Wednesday, June 13, 2012

2012 Student Book Designs, Part 2




Above: Design of Frank Herbert's book, Dune by Brie Elam.



Above: Design of Charles Portis' book, True Grit by Claire Parkin.








Above: Design of Edwin Abbott Abbott's (A.Square) book, Flatland by Kevin Cutler.





Above: Design of Norton Juster's book, The Phantom Tollbooth by Neil Palmer.




Above: Design of Benjamin Franklin's Autobiography by Ryan Anderson




Above: Design of E.M. Forester's book, A Room With a View by Jessica Boos.
If you would like to see previous posts of 2012 Student Book Designs, stop in here and here. There are plenty more book links to previous student work from there. Well, that puts a wrap on another year of school and of my student's book design work from my Typography 3 class. I am done, school is nearly out and Summer is almost here. Ahhh Summer...Can't wait to have time to read a good book.

4 comments:

  1. Before you go to your book, I want you to know that I have been enjoying your blog for a while now. I think your work -and that of your students- is amazing. Bertha.

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  2. Jennifer Kennard, Sr. LetterologistJune 13, 2012 at 1:39 PM

    Sweet! Thanks kindly Bertha. So very nice of you to comment!

    Many happy returns!
    Jennifer

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  3. As someone who grew up in the printing industry just when hot metal and letterpress were giving over to "cold" type, I appreciate your appreciation of the printed word.

    These are incredibly creative covers - and I'm glad that young designers can still consider the book as a template for their artwork.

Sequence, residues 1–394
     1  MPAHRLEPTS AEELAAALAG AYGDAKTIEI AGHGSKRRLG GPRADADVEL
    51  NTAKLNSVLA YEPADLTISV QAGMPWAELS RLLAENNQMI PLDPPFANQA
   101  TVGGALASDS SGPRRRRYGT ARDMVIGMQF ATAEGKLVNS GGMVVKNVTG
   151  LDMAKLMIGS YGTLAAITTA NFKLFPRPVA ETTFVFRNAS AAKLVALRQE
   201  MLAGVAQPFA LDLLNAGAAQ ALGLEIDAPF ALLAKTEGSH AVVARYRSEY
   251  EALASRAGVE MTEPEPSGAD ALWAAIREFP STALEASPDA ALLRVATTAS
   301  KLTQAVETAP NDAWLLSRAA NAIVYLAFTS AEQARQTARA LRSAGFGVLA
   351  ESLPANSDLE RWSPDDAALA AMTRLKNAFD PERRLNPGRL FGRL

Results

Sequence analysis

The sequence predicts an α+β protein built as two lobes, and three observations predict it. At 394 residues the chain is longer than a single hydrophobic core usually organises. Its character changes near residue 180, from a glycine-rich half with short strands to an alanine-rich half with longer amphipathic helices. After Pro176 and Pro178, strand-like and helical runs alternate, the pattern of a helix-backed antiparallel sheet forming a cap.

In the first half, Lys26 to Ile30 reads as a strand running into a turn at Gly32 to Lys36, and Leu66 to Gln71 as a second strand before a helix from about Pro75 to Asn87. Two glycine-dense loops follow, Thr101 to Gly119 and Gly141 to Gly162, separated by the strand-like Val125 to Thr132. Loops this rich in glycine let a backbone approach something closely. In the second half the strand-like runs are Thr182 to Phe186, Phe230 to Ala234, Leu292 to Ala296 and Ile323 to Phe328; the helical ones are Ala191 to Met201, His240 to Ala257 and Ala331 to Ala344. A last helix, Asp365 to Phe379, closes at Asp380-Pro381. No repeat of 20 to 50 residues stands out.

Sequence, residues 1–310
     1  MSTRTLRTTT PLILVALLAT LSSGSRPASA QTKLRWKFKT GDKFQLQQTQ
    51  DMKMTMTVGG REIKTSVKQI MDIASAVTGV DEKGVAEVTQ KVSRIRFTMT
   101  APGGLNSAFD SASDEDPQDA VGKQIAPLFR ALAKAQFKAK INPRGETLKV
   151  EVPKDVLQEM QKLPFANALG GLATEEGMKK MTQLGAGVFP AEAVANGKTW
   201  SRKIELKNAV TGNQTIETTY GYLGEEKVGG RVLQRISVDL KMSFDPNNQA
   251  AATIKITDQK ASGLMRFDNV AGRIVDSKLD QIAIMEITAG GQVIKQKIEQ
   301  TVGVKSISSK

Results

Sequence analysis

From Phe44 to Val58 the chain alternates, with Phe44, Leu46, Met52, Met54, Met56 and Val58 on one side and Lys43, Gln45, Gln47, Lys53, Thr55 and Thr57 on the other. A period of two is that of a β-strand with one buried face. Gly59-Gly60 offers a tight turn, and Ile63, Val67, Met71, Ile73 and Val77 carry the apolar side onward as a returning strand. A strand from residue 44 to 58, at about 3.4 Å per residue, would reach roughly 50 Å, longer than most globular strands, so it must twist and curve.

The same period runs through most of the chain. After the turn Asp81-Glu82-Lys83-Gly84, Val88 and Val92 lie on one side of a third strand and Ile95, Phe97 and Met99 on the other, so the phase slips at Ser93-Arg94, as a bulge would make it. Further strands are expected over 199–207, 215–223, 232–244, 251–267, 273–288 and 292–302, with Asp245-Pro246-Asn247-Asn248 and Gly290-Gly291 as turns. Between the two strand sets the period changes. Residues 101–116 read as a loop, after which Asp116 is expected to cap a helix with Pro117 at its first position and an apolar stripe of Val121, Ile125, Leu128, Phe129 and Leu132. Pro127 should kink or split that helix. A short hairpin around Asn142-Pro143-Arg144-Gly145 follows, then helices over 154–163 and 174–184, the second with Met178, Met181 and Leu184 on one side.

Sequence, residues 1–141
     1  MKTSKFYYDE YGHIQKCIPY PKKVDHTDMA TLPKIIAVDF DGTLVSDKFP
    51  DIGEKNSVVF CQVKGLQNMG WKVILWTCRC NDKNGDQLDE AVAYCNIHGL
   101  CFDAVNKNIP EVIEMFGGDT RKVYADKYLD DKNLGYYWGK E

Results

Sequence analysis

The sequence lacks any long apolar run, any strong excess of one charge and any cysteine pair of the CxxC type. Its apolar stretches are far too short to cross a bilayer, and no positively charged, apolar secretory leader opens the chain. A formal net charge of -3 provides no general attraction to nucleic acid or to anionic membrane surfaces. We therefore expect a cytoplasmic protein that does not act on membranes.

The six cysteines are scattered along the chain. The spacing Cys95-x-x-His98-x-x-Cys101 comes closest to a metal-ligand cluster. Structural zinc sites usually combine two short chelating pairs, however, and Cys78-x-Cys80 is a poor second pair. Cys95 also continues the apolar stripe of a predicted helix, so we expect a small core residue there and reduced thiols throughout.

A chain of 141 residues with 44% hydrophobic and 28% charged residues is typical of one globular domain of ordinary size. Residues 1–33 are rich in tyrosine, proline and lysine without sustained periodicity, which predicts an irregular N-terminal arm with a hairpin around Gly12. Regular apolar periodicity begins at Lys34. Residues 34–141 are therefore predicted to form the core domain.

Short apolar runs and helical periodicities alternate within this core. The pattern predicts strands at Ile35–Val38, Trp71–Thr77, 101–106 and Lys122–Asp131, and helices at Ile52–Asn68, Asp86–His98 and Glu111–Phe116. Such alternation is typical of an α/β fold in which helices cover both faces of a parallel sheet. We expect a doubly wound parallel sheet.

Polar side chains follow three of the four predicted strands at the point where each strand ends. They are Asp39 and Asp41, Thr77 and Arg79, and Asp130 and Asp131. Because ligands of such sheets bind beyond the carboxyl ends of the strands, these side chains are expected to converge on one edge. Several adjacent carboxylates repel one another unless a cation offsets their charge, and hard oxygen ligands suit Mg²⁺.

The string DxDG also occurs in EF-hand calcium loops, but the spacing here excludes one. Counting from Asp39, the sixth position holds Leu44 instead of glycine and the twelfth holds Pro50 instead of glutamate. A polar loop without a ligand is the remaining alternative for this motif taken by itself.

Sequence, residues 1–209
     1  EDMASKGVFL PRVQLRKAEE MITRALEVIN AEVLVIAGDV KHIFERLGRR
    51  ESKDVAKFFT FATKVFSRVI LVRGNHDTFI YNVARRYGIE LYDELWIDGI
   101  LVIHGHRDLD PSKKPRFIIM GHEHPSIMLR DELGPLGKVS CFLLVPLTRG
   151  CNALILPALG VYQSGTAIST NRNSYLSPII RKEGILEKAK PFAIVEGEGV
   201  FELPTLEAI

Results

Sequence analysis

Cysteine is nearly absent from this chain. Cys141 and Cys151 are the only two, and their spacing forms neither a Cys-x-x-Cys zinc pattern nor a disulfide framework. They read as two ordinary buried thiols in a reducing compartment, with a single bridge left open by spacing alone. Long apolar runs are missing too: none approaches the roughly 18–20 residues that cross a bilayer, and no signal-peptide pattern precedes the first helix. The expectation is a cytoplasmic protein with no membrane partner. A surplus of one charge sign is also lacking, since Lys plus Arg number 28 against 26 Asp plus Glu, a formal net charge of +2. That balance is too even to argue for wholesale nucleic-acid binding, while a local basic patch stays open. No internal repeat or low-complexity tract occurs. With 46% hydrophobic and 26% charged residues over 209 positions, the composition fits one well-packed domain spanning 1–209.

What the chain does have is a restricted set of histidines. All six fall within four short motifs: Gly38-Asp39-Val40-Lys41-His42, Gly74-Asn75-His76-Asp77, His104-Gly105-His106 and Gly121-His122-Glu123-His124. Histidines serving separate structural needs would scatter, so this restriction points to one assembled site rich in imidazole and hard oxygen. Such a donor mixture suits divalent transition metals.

Paper and ink...will always be my favorite...

    - Jeff

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  4. Jennifer Kennard, Sr. LetterologistJune 14, 2012 at 10:59 PM

    Thank you Jeff! I always value comments from people in the printing industry.

    I am very optimistic about the direction book design is heading currently. As fewer books are printed, more care and thought is given to their overall design, and the choice of books to be printed is becoming more selective. Meanwhile, I believe eBooks will continue to improve, but no matter how refined the digital resolution of screens and interaction with the reader, it cannot compare to the sensory impression of a well-crafted physical book. And as time goes by, I believe we will see the quality and design of the printed book only get better.

    Thank you for sharing!
    Jennifer
    Jennifer

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